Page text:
When classic Romance novels don’t remain relevant to readers
This past weekend I was involved in a great email discussion about the question of whether Romance fiction faced a unique challenge that other types of fiction, including other genres don’t. Namely, does Romance reflect contemporary issues and culture in a way that makes it easy to identify the genre’s most important, trendsetting books, but more difficult to find those books transcending the moment in which they were written?
Just look at some of the books that mark major moments in the development of the genre, from The Flame and the Flower and Lord of Scoundrels to It Had To Be You and Fifty Shades, there are so many landmark Romance novels that, given some time, we could sort into a pretty coherent semblance of a genre canon. Through this exercise we would see how Historical Romance evolved and changed, how traditional Regencies gave way to longer and more erotically charged historicals, how Erotic Romance emerged through the work of writers like Robin Schone, Emma Holly Joey Hill, and others (remember when Lisa Kleypas’s historicals started getting really steamy?), and how contemporaries have ebbed and flowed and split off into PNR (Feehan’s Carpathians, Laurel K. Hamilton), Romantic Suspense (Linda Howard, Nora Roberts/JD Robb), Urban Fantasy, and even New Adult. Although we may debate the respective merits of those books we remember for being “first” in some way, or game-changing in regard to subgenre or tropes, I think there are definite clusters of books that are most often identified as influential in one way or another.
But here’s my question: how re-readable are these books?
I see so many readers complain that either books don’t stand up to a years-later re-read, or that they just can’t connect to some of the “classic” early Romance novels that veteran readers regard as among the most important books in the genre. Is this a Romance issue, a commercial/genre fiction issue, or something else (like all these readers don’t know what they’re talking about)?
Lord of Scoundrels is my go-to example for what I call the problem of transcendence. I did not read the book for he first time until maybe 8 or even 10 years after it was first published in 1995. I had heard so many recommendations for this book, but when I tried to read it the first time, I DNF’d it early on. I HATED Sebastian (whiny, passive/aggressive bully) and thought Jessica deserved better. Yeah, she was a tough heroine, but by the time I read the book, tough heroines were much more the genre norm. And even though the book was technically a historical, the sexual politics felt more modern, more of the 90s, in fact, than the 19th century. And so the book felt somewhat dated to me, even though it was not ostensibly representing contemporary culture. By contrast, I can read some of the old Harlequin and Silhouette categories, like Dark of the Moon by Maura Seger, or Spring Fancy by LaVyrle Spencer, or even some of the early In Death books, and ignore the more dated elements of the book because the stories feel like they could have been written right now.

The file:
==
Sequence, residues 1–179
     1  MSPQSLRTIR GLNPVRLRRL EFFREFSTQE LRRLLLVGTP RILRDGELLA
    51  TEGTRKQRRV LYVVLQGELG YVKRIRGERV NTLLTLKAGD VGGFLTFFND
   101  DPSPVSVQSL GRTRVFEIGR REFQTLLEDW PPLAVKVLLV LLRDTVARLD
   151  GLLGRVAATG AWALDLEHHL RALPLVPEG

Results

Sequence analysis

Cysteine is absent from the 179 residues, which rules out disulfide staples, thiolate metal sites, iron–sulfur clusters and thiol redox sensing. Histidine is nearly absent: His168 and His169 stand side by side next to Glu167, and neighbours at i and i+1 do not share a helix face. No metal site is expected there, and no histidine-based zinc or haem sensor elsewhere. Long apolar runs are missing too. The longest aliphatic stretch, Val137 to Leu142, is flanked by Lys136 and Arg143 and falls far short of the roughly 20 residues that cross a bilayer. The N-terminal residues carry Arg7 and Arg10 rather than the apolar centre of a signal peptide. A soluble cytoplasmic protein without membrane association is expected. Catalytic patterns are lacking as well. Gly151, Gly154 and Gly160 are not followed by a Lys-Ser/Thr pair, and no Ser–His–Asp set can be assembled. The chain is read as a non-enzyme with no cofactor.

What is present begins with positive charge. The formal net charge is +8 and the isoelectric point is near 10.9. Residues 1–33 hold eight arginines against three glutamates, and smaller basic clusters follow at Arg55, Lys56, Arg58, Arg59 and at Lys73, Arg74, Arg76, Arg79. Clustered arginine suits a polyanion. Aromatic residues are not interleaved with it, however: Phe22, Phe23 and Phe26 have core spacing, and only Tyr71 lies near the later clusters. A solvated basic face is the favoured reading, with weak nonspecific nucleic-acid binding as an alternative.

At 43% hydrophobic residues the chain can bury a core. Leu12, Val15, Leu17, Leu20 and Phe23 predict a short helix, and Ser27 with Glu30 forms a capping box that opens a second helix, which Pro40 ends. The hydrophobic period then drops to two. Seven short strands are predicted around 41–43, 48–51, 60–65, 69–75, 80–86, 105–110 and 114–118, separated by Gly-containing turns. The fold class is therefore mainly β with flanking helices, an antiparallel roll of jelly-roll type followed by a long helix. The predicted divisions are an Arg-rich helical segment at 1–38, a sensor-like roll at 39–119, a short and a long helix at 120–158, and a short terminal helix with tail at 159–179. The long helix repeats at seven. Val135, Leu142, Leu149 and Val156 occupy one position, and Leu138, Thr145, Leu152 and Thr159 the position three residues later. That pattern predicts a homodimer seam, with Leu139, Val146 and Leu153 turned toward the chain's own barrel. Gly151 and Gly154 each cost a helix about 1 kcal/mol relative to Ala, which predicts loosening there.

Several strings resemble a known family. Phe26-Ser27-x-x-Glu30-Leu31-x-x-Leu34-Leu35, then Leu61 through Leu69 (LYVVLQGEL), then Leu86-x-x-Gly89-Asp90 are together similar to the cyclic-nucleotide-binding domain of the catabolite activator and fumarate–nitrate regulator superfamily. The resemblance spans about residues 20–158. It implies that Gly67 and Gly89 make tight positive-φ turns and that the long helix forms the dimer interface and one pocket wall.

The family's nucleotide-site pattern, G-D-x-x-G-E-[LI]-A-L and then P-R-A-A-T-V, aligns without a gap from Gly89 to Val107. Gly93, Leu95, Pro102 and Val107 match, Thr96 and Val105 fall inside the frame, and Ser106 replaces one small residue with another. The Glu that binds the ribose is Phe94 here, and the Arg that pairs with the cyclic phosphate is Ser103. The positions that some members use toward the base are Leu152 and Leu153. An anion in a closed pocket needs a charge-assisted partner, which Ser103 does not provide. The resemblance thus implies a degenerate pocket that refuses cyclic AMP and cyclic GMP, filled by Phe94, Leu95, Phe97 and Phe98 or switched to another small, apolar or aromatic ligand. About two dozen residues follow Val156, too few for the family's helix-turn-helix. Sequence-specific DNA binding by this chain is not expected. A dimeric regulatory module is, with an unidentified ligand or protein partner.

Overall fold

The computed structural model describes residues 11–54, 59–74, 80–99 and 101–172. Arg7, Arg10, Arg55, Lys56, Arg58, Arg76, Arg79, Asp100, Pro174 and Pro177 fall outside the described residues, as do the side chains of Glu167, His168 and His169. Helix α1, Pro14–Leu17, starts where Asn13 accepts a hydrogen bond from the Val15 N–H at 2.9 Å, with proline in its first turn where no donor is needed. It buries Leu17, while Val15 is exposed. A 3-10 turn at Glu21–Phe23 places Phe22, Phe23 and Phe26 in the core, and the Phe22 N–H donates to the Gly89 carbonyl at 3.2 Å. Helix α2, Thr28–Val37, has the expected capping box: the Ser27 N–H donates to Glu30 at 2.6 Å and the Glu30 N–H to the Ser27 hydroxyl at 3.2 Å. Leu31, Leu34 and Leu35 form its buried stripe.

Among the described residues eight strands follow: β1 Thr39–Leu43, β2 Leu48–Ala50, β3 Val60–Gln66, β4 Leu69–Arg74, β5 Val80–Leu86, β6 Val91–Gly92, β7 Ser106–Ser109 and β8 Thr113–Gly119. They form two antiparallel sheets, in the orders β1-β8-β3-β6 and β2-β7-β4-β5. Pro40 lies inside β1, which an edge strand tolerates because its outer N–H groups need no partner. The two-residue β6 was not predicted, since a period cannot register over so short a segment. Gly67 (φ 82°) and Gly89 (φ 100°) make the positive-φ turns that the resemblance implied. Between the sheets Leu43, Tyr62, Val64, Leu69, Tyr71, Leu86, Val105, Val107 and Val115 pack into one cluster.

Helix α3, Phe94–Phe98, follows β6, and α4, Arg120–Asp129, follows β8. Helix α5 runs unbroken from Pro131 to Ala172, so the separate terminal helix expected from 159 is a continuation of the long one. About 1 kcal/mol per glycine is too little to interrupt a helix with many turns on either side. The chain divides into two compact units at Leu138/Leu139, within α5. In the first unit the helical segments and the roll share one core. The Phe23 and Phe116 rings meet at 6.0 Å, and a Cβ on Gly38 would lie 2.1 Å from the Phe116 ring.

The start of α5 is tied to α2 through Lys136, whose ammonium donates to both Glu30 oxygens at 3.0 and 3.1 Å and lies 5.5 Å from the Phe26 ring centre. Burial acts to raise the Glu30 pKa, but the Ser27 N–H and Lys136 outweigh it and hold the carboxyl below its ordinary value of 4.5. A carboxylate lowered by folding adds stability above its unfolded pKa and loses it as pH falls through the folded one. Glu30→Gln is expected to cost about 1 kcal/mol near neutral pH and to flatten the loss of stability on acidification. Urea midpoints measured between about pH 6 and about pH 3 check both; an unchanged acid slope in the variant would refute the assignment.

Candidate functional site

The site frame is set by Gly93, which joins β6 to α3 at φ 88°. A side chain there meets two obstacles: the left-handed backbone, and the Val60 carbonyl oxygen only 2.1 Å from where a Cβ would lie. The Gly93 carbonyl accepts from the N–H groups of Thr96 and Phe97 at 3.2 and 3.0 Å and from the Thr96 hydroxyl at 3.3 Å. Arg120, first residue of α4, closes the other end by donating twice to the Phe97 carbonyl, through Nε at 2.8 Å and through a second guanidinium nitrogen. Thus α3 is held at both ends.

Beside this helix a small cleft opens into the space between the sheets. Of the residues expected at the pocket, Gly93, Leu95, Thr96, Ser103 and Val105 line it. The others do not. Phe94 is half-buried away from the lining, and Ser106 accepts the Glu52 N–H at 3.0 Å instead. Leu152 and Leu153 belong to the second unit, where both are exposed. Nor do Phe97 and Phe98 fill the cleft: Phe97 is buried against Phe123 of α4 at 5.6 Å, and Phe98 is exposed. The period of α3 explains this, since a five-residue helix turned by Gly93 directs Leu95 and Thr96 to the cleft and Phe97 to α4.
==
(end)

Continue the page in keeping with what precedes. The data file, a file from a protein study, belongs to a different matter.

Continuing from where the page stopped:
So what is that? Why do some books hold up better than others when we read them years after they were written, or re-read them years after we first enjoyed them? Is it, as a friend recently suggested to me, that we’re too close to books written within 10 or even 30 years ago to appreciate them like we do a book like Pride and Prejudice? If Dickens was writing in the 1980s, would I be unable to choke down A Tale of Two Cities because it felt too dated? Or what about Agatha Christie or Ray Bradbury? And why is it that some readers discover these books decades after they’re written and find them fresh and new and completely relevant? I see this with Lord of Scoundrels all the time and it continues to mystify me (and I have nothing against Loretta Chase’s books – I read Miss Wonderful when it was published and absolutely adored it).
But still I wonder why it is that so many Romance novels seem to be difficult to re-read, even when, objectively speaking, they have an obvious sense of importance in the genre’s development and evolution. And why isn’t this necessarily the case with, say, literary fiction. A book like Slaughterhouse Five, for example, is a book about a very specific moment in the not-too-distant-past, but it doesn’t feel dated in the same way so many older-but-not too-old Romance novels do.
I definitely think there are a lot of books-as-phenomena examples in Romance (Twilight and its various offshoots), and while those books may enjoy great popularity at a certain moment, they may or may not have enough substance to last beyond a certain limited time period. And part of me wonders whether the sexual politics in Romance can limit the relevance of certain books, because even when a book is set in another time, it’s engaging with contemporary issues in ways that readers recognize as connected to another time (or disconnected from the time in which they end up reading the book, which is basically the same thing, even if it’s not recognized as such). Or is it more personal than that? Is Romance a genre that engages readers in a more personal and emotionally driven way, and therefore it’s not so much the timeliness of a book as it is issues that individual readers find relevant? Or does it just come down to a basic difference in taste?